Thursday, December 15, 2016
MEXICAN TILE RENEW OUTDOOR PROJECT OF 35 YEAR OLD TILE IN SOUTH SARASOTA COUNTY FL. Note the Efflorescence, the white spots, that formed along the exterior edge of the patio in photo above on left. Naturally, Saltillo tile is not terribly strong or hard. Although it is comparable to other natural stone tiles such as slate or granite it can chip and crack. When used as exterior tiling, it can only be used in very mild climates, as harsh weather can damage the tile, it needs almost annual upkeep. Saltillo tile typically has a MOH measure of hardness rating between a 3 and 4, which is fairly low compare to porcelain, which has an average MOH of 7-9. Therefore, it is very rarely used for outdoor purposes these days, though in very warm climates like the Gulf coast of Florida, well maintained and sealed Saltillo tile makes for a nice tile flooring option for a patio.
MEXICAN TILE RENEW OUTDOOR PROJECT OF 35 YEAR OLD TILE IN SOUTH SARASOTA COUNTY FL. As Saltillo tiles are fired at such low temperatures, they remain very porous and are therefore very susceptible to water damage. It is almost exclusively recommended these days that you seal Saltillo tiles to protect them from water, wear, and scratches, especially in exterior applications were Efflorescence can form and white spots accumulate. Typically, Saltillo tiles should be sealed after they have been installed and are completely dried and clear of extra dirt and debris and annual upkeep is highly recommended for exterior applications.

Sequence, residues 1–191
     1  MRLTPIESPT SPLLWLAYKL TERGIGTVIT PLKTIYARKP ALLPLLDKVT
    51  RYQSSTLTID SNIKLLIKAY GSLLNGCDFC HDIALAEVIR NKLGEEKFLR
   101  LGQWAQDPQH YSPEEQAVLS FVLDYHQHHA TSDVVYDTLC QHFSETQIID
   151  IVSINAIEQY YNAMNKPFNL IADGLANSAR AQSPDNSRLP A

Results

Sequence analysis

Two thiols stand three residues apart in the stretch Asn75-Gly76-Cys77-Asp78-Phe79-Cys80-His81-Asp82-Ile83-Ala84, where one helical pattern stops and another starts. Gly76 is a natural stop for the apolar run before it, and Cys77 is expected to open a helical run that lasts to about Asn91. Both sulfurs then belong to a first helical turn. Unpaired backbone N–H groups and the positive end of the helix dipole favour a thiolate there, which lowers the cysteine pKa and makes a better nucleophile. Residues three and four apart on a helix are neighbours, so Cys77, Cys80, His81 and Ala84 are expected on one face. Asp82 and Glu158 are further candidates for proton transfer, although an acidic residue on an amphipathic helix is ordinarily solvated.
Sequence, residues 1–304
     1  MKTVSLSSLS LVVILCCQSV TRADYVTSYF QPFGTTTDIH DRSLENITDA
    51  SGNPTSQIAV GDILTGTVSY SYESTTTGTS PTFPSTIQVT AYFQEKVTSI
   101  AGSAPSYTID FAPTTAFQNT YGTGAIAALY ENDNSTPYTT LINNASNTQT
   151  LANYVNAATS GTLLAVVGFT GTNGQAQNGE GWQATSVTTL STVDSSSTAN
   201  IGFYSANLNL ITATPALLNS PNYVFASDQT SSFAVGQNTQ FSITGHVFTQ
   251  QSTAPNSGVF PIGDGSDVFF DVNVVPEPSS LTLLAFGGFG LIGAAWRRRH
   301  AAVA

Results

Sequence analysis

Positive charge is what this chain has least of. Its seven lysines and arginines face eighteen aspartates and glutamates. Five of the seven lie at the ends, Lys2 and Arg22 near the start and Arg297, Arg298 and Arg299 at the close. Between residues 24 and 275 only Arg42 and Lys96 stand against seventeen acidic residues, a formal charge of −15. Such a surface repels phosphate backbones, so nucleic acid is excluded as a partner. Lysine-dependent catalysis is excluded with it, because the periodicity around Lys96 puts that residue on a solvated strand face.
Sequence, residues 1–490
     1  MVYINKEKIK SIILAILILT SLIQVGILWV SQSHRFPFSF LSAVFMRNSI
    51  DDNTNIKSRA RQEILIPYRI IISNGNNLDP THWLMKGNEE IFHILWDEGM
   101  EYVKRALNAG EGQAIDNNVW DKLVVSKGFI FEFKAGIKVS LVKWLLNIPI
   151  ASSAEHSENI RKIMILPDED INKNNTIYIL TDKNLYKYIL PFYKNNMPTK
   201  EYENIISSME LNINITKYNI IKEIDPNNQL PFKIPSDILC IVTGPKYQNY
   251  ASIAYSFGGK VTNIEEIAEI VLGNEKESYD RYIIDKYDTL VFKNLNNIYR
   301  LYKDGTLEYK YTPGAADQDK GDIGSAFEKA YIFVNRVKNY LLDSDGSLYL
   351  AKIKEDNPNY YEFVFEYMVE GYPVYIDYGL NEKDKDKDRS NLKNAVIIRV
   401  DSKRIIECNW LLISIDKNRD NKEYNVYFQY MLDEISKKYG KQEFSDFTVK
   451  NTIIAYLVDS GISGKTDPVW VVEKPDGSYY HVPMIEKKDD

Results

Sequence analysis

MEXICAN TILE RENEW OUTDOOR PROJECT OF 35 YEAR OLD TILE IN SOUTH SARASOTA COUNTY FL. Since humidity has a definite effect on whether or not the white salt spots appear on exterior Mexican tile, it can be assumed that efflorescence is a seasonal problem. The intensity of efflorescence increases after rainy winter seasons, decreases in spring, and by summer has practically disappeared.
MEXICAN TILE RENEW OUTDOOR PROJECT OF 35 YEAR OLD TILE IN SOUTH SARASOTA COUNTY FL. Efflorescence is a crystalline deposit on surfaces of masonry, exterior Mexican tile, stucco or concrete. It is whitish in appearance, and is sometimes referred to as “whiskers”. Efflorescence has been a problem for many years, and is a topic of much controversy. The formation of these salt deposits are not mysteries. They are, for the most part, water-soluble salts that come from many possible sources to mar and detract from an otherwise beautiful and serviceable structure. First of all, there must be water present to dissolve and transport the salts, remove the source of water and your almost there.